Saturday brave Daddy Sam, the three boys and I battled the crowds at Ball State University's Sciences and Humanities graduation ceremony to honor Kristie, who triumphed against all odds and earned a near perfect GPA in Psychological Sciences.

Between commencement and celebration meal, I had enough time to go home and get in on Kayla's prom send-off.

Do you notice anything similar in the following photo taken 19 years earlier?

A busy but wonderful day! And now it is Mother's Day. Here is the poster I made for my mother.

Friday, May 7, 2010

Flashback Friday: Teacher Appreciation

Mocha With Linda reminds us that this is Teacher Appreciation Week and asks us to look back at all the good memories, reflect on the positive influence they had in our lives, and maybe even go back and say thank you.
Here is Prompt # 8:

Tell us about the teachers from your school days. Who were your favorites? Why did you like them? How did they influence your life, your occupation, or another aspect? Have you ever gone back, seen or contacted a favorite teacher to express your appreciation? Do you still keep up with any of your teachers? Was Teacher Appreciation Day/Week celebrated when you were in school?
I am going to begin by responding to the last question.

In Argentina we celebrated Día del Maestro on September 11 to honor Domingo Faustino Sarmiento whose major influence in the area of education earned him the title of  "The Teacher" of Latin America. His involvements and achievements were many, and he was also Argentina's seventh president.
So, on the anniversary of his death we remembered him with speeches and songs. I can still sing the Hymn to  Sarmiento. The funny thing is that I do not remember doing anything special for our teachers. Has it been too long? Is it a failing memory issue?

After last year's Teachers' Day, a childhood friend mentioned that he had sent flowers to our favorite teacher, and also called her. Now in her eighties, she still remembered and mentioned me, "la rubiecita tan callada y buena alumna"--the little blondie so quiet and such a good student.
When I told my brother, he agreed that Srta. Dina, our 6th grade teacher was his favorite as well. However, I am at a loss to describe the qualities or characteristics that made her 'the best'. I do have one treasured photo where I am standing next to her, and my brother is next the the principal.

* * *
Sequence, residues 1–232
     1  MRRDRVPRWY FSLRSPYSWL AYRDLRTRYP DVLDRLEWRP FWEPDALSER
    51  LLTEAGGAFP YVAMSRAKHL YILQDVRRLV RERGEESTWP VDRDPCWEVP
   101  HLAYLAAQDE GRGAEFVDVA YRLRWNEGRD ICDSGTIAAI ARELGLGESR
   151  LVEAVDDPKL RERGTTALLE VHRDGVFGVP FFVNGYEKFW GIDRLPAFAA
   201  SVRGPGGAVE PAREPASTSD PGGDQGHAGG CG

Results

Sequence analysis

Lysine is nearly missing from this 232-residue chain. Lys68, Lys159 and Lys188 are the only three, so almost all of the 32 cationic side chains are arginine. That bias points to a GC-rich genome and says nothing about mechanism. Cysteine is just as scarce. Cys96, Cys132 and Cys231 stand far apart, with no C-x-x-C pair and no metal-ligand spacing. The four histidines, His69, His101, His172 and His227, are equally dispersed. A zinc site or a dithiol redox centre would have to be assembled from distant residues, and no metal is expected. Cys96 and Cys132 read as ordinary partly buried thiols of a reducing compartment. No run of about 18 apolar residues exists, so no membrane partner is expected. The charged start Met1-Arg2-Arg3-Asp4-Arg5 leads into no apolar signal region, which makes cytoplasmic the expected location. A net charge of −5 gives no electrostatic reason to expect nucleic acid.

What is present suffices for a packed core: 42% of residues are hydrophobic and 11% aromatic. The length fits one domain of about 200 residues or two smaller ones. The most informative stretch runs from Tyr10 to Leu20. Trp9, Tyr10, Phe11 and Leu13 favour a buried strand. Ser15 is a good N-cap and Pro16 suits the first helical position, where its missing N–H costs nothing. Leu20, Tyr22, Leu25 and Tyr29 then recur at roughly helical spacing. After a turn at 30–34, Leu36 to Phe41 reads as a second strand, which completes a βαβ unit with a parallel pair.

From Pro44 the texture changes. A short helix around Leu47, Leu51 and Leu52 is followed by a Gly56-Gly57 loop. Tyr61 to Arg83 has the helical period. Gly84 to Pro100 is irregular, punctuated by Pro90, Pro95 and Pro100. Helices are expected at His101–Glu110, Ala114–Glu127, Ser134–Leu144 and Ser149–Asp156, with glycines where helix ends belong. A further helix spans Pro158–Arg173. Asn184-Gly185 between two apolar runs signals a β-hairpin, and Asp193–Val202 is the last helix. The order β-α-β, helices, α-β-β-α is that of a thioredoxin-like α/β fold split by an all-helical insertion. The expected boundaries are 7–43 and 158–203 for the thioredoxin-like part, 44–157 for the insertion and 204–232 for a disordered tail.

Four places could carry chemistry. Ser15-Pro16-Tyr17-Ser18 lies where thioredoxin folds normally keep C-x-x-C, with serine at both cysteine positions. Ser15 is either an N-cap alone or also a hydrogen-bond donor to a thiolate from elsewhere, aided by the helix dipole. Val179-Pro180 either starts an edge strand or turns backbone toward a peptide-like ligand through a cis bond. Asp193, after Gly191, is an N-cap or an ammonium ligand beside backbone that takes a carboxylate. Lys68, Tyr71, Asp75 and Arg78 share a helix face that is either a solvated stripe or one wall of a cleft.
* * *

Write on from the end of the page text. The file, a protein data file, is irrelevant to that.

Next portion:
I have wanted to write to Srta. Dina ever since I heard about my friend's kind gesture. So, today, thanks to Linda's prompting, I made a copy of the photo and as soon as I have finished writing this post, I am going to find or make an appropriate card para escribirle unas líneas a mi maestra favorita.

P.S.: My brother who has a keen perceptive memory has this to say about our favorite teacher:
I´m not sure, but if I had to hazard a guess, there were at least three things. 1)  I don´t remember her having any one preferred student, she cared about us all,  2) She knew her subject matter, and 3) She kept order in the classroom.  All of these things added up to a sense of safety in the classroom that I did not seem to have other years.

Saturday, May 1, 2010

2010 Week 18

All kinds of new growth in the woods and garden! Everything is turning green--verde!
The hostas have gone wild and the columbines are spreading. The lilac bush is huge, but my favorites are the lilies of the valley!

Twice a week I go to an exercise class for seniors at the Gray Barn. Exercise Science majors run the program. I feel myself getting stronger. Now if I could just lose some belly fat as well...

Tuesday evening was our last ladies Bible study. We ended with food, fellowship and our final Psalm was 145.


I was especially blessed by the background given for verse 8.  Those were the words God chose to describe Himself to His erring people after Moses' second time on the mountain when he returned with a whole new set of stone tablets. (Would you say this to your children after they have behaved their worst?)
Our leader went on to point out that these words were common knowledge and everyone in Israel would have known exactly what followed a proclamation of the name of Jehovah, much in the same way we know what "I have a dream..." was all about. Do we think of those divine characteristics first thing when we hear His name?

Wednesday, among many other things, I watched granddaughter Kayla at the dance studio. It was picture taking day, but they also performed a few of the numbers. We will not be here for the recital in June. I am sad to miss her many dances but especially her performance as the purple fairy in Sleeping Beauty.

A month from now we will be on our way to Spain. We have been meeting Thursday evenings with the other couple going with us to share, discuss, prepare for this big event. This week we met at their house with the lovely view of the sunset. Dane and Mike will be riding La Pyrénéenne with a group of Basque friends.

Friday morning they set off for Tennessee and today they rode the 3S3M (3 States 3 Mountains). Mike phoned today, after it was over. He felt very good about how it went and the weather was perfect, no rain!

Meanwhile, I headed to Muncie for Elijah's first T-ball game, but it was canceled due to impending rain. So, I got to visit and play with grandbaby Zion.